Ex-Trapeze, ex-Deep Purple, ex-Black Sabbath bassist and vocalist Glenn Hughes has released several solo albums since his 1978 debut, Play Me Out. His 2005 effort, Soul Mover, may be my favorite of the lot. Hughes gets a little help from his friends, guitarist Dave Navarro and drummer Chad Smith of Jane’s Addiction and Red Hot Chili Peppers fame, along with keyboardist Ed Roth and guitarist J.J. Marsh. They provide the perfect complement to Hughes’ blend of soulful hard rock.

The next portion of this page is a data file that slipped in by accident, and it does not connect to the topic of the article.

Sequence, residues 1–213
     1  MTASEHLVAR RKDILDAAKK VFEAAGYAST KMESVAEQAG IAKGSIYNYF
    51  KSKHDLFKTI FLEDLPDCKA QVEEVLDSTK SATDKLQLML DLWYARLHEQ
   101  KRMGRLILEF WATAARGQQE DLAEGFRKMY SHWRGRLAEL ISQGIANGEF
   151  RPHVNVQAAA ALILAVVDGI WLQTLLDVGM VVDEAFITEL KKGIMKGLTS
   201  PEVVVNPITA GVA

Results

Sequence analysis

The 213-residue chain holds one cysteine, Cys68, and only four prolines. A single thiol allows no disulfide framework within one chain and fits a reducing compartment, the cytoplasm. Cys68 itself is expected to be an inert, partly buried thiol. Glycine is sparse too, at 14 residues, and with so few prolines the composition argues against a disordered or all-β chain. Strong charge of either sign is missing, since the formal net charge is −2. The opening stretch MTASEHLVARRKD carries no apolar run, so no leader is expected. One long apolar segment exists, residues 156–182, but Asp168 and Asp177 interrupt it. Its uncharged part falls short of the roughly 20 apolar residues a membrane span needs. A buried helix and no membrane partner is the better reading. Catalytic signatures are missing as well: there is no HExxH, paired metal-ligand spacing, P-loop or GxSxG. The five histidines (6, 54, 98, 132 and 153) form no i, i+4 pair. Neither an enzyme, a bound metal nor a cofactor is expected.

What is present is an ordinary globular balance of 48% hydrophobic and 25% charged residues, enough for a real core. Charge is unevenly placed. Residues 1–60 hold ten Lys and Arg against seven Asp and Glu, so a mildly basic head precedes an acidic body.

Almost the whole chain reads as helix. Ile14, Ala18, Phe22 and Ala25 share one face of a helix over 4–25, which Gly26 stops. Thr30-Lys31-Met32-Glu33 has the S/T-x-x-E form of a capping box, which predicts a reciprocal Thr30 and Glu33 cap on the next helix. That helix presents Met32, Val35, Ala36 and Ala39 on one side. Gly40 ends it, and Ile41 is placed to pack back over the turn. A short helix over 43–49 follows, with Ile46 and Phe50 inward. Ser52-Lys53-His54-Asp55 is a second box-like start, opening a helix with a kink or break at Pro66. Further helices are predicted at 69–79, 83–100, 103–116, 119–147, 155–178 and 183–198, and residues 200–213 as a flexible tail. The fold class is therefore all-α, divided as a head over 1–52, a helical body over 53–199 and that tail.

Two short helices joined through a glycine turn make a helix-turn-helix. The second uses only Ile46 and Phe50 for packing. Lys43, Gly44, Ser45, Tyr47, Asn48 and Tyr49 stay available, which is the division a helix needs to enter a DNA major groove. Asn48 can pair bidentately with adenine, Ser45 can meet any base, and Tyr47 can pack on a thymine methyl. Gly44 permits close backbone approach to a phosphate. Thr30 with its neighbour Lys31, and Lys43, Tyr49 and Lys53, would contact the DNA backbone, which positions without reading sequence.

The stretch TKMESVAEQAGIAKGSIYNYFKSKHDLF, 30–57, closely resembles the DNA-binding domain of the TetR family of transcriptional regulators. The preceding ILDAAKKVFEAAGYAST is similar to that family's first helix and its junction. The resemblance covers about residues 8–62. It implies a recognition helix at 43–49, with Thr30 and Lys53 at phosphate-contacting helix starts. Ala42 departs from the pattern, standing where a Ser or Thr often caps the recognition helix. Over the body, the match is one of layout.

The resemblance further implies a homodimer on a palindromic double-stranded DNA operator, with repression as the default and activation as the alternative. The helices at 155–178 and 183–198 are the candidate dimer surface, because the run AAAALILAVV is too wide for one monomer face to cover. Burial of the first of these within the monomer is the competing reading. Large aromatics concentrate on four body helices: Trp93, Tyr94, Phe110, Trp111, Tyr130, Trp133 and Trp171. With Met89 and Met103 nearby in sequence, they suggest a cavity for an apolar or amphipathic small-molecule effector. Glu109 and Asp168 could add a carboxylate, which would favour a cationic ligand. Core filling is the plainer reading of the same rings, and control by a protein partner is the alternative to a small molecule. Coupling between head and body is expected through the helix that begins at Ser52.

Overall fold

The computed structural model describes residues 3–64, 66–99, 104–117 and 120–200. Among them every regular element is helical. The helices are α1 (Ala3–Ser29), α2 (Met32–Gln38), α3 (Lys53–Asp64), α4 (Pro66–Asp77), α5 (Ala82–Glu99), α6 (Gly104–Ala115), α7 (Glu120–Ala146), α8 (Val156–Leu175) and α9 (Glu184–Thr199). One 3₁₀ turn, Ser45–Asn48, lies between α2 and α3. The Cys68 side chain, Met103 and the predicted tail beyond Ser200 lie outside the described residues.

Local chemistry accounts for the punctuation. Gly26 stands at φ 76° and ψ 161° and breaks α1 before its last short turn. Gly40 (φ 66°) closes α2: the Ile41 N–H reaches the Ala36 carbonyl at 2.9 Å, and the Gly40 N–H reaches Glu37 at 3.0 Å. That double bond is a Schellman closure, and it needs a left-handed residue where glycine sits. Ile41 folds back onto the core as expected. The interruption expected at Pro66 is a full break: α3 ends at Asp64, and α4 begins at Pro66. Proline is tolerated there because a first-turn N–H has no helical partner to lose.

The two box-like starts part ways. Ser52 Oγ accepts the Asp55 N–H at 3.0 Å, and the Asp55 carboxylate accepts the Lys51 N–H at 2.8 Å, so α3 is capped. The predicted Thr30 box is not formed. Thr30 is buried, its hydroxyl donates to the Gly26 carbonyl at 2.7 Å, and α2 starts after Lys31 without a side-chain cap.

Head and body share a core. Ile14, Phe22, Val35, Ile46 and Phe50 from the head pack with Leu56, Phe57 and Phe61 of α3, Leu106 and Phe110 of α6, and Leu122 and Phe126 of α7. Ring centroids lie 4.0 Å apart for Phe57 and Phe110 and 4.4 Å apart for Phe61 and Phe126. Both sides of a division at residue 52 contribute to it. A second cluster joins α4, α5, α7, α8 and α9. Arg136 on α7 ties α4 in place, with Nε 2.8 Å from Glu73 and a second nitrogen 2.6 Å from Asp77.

Whether it’s the slippery riffing of the title track, the Prince-like funk of “High Road,” the rising fury of “Let It Go” or the anthemic “Last Mistake,” Hughes grabs each song by the anatomy and doesn’t let go. The songs are killers, the arrangements dead-on and the grooves cut deep as a glacier. He sings high and low, hard and soft, however he wants, with power, soul and emotion. And he could be the best hard-rock singer alive. Hughes has completely ruined karaoke for me.